+------------------+--------+--------------+ +------------------+--------+--------------------+
Figure 2: Fragmented IPv6 packet Figure 2: Fragmented IPv6 packet
Consider the first fragment. Let's say it contains a destination Consider the first fragment. Let's say it contains a destination
options header (DOH) 80 octets long and is followed by a TCP header. options header (DOH) 80 octets long and is followed by a TCP header.
+-+-+-+-+-+-+-+-+-+-+-+-+-+-+-+-+-+-+-+-+-+-+-+-+-+-+-+-+-+-+-+-+<==FH +-+-+-+-+-+-+-+-+-+-+-+-+-+-+-+-+-+-+-+-+-+-+-+-+-+-+-+-+-+-+-+-+<==FH
|NextHdr=DOH(60)| Reserved | FragmentOffset = 0 |Res|1| |NextHdr=DOH(60)| Reserved | FragmentOffset = 0 |Res|1|
+-+-+-+-+-+-+-+-+-+-+-+-+-+-+-+-+-+-+-+-+-+-+-+-+-+-+-+-+-+-+-+-+ +-+-+-+-+-+-+-+-+-+-+-+-+-+-+-+-+-+-+-+-+-+-+-+-+-+-+-+-+-+-+-+-+
| Identification=aaaabbbb | | Identification=aaaabbbb |
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+-+-+-+-+-+-+-+-+-+-+-+-+-+-+-+-+-+-+-+-+-+-+-+-+-+-+-+-+-+-+-+-+ +-+-+-+-+-+-+-+-+-+-+-+-+-+-+-+-+-+-+-+-+-+-+-+-+-+-+-+-+-+-+-+-+
| Sequence Number | | Sequence Number |
+-+-+-+-+-+-+-+-+-+-+-+-+-+-+-+-+-+-+-+-+-+-+-+-+-+-+-+-+-+-+-+-+ +-+-+-+-+-+-+-+-+-+-+-+-+-+-+-+-+-+-+-+-+-+-+-+-+-+-+-+-+-+-+-+-+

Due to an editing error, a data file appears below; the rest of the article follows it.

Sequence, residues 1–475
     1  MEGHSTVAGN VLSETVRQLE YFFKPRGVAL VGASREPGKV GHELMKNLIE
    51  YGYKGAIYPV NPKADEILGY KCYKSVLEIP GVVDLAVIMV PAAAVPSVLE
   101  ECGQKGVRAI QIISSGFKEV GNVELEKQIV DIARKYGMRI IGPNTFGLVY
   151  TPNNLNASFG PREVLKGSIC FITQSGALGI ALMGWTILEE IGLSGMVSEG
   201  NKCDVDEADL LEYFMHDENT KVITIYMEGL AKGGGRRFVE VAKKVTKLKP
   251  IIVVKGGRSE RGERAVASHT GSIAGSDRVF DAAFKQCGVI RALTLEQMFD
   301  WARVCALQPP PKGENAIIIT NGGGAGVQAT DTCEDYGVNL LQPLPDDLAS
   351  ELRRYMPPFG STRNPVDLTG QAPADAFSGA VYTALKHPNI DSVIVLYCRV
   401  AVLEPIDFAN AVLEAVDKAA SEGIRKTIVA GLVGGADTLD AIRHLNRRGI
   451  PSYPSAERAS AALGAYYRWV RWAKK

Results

| Acknowledgment Number | | Acknowledgment Number |
+-+-+-+-+-+-+-+-+-+-+-+-+-+-+-+-+-+-+-+-+-+-+-+-+-+-+-+-+-+-+-+-+ +-+-+-+-+-+-+-+-+-+-+-+-+-+-+-+-+-+-+-+-+-+-+-+-+-+-+-+-+-+-+-+-+
| Offset| Reserved |U|A|P|R|S|F| Window | | Offset| Reserved |U|A|P|R|S|F| Window |
+-+-+-+-+-+-+-+-+-+-+-+-+-+-+-+-+-+-+-+-+-+-+-+-+-+-+-+-+-+-+-+-+ +-+-+-+-+-+-+-+-+-+-+-+-+-+-+-+-+-+-+-+-+-+-+-+-+-+-+-+-+-+-+-+-+
Figure 3: First Fragment Figure 3: First Fragment
The TCP header has the following values of the flags S(YN)=0 and The TCP header has the following values of the flags S(YN)=1 and
A(CK)=1. This makes an inspecting stateful firewall think that it is A(CK)=1. This makes an inspecting stateful firewall think that it is
a response packet for a connection request initiated from the trusted a response packet for a connection request initiated from the trusted
side of the firewall. Hence it will allow the fragment to pass. It side of the firewall. Hence it will allow the fragment to pass. It
will also let the following fragments with the same Fragment will also allow the following fragments with the same Fragment
Identification value in the fragment header to pass through. Identification value in the fragment header to pass through.
A malicious node can form a second fragment with a TCP header that A malicious node can form a second fragment with a TCP header that
reverses the flags and sets S(YN)=1 and A(CK)=0. This would change changes the flags and sets S(YN)=1 and A(CK)=0. This would change
the packet on the receiving end to consider the packet as a the packet on the receiving end to consider the packet as a
connection request instead of a response. By doing this the connection request instead of a response. By doing this the